• Donate to Good Will or National Kidney Foundation—This is one of the easiest ways to purge items from your closet! Get a bag, load it up, and drop it off. Done!
  • Consign—Selling items is a great way to fund future purchases, especially if you have a lot of designer clothes in your closet that were pricey to begin with! Find a local consignment shop, establish a relationship with the owner, and consign items regulary.
  • Offer to a friend—Perhaps you’ve put on or lost weight and you have multiple sizes in your closet. If there’s no intention of returning to the “off-sizes,” ask a friend who is one of those of sizes if they’re interested in the clothing pieces. Or gather your gf’s and have a clothing swap party. Perhaps you’ve had your eye on a friend’s dress and maybe she’s ready to part with it. Win-win!

Kids and toys:

Huge issue for parents! Whether we’re buying because our child says “I want” and we don’t want to disappoint or well-intentioned grandparents show up, hands full everytime they visit, ALL new PARENTS wind up with TOO MUCH KID STUFF!!! And, although we may be grateful for all that stuff, the BIG dilemma is: Where to put it all??!!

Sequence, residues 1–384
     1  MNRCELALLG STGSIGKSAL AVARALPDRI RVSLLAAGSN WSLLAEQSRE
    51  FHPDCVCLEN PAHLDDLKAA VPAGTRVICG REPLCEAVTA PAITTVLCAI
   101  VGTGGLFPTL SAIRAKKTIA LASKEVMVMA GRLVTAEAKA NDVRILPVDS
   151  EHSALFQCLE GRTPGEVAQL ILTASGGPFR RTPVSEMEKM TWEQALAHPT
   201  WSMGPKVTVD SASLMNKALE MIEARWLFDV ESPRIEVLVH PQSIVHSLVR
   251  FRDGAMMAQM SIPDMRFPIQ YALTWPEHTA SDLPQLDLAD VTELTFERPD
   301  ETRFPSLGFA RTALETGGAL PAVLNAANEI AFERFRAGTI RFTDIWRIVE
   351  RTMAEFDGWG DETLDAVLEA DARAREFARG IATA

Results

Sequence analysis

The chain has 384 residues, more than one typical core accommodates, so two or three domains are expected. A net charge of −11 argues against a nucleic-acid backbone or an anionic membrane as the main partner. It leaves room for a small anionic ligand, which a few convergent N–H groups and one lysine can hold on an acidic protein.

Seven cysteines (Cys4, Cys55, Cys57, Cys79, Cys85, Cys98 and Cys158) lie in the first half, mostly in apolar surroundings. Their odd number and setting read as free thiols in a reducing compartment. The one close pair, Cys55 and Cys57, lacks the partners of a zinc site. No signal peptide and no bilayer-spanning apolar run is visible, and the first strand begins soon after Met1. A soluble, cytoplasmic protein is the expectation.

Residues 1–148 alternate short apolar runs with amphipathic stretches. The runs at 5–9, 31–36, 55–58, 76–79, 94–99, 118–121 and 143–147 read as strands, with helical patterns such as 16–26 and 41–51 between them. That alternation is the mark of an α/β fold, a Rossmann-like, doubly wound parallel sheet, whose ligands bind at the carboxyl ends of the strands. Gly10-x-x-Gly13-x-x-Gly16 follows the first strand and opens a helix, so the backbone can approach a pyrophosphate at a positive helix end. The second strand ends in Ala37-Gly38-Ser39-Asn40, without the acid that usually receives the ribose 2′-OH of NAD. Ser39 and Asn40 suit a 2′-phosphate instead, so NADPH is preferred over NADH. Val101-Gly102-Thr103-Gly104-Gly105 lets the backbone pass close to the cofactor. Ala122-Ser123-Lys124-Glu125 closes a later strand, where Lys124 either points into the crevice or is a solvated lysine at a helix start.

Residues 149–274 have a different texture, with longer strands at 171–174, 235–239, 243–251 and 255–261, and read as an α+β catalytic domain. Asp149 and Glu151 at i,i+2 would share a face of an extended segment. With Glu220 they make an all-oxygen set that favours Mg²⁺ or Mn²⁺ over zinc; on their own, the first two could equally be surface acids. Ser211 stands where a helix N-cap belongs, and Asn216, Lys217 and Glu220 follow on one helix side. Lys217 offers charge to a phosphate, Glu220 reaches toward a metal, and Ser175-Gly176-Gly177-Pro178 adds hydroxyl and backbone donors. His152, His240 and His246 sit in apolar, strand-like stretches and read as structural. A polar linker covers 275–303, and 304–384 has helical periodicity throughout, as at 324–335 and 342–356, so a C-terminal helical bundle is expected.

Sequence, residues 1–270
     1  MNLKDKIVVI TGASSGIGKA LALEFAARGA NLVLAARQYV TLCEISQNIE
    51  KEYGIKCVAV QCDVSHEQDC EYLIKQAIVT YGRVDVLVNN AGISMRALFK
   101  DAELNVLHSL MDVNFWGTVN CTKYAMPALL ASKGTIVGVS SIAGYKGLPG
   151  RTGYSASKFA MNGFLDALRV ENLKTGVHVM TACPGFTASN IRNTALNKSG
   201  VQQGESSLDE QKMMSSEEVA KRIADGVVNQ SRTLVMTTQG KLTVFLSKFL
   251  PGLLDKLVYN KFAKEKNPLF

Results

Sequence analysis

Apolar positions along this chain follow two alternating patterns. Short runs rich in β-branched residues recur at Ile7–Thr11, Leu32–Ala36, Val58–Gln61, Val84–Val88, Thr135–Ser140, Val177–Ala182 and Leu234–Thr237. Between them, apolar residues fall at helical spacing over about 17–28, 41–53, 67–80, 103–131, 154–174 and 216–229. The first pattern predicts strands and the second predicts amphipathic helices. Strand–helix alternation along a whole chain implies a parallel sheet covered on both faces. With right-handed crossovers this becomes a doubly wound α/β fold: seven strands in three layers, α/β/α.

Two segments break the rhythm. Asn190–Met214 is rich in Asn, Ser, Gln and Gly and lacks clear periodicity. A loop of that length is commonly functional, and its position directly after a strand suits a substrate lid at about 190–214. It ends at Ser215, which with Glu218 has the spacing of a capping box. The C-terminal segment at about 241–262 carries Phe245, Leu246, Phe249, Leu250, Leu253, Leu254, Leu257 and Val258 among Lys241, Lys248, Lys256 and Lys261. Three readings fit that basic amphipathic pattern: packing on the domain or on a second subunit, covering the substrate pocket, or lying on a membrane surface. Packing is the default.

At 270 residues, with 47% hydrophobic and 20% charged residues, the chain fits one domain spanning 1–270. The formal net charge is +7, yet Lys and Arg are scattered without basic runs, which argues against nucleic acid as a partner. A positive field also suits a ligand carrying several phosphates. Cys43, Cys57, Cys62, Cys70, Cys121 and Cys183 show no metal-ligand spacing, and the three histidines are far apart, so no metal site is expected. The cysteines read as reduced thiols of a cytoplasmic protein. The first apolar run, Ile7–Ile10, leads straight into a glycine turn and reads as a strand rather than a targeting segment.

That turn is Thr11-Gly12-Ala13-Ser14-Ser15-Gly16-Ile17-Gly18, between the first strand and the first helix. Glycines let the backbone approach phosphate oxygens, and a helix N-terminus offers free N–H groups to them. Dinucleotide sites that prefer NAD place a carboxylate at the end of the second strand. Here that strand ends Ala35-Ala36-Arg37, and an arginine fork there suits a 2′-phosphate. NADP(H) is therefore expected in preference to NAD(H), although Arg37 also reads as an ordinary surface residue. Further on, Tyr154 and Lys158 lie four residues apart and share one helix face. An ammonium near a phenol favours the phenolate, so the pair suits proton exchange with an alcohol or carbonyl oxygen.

• Storage is key and it needs to be effective storage, not where you’re chucking everything into a bottomless pit. You know, the big container full of stuff that your child no longer has any interest in picking through to find a treasure. I’m talking appropriate storage for particular items. For example, action figures need a smaller storage bin so the items don’t become an overwhelming sea of plastic for your child to deal with. Try containers such as crunch can totes, which are 12″ square and they have handles! Attach a tag to each one with the name and a photo (for kids who haven’t started reading yet) and not only can kids help clean up, but they can carry the tote to its rightful home once it’s full.
  • Limit the number of toys and books. I’m a big fan of rotatingtoys. For two reasons: